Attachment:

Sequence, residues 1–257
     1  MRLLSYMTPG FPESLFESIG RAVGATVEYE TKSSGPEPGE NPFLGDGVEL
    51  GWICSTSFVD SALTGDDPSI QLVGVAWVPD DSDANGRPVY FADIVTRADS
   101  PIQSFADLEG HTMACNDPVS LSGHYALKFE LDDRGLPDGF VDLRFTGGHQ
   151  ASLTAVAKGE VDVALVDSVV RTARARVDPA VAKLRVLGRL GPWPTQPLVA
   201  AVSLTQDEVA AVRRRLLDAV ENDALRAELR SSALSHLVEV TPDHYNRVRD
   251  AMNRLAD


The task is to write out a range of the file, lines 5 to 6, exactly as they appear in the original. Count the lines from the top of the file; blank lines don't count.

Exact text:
   151  ASLTAVAKGE VDVALVDSVV RTARARVDPA VAKLRVLGRL GPWPTQPLVA
   201  AVSLTQDEVA AVRRRLLDAV ENDALRAELR SSALSHLVEV TPDHYNRVRD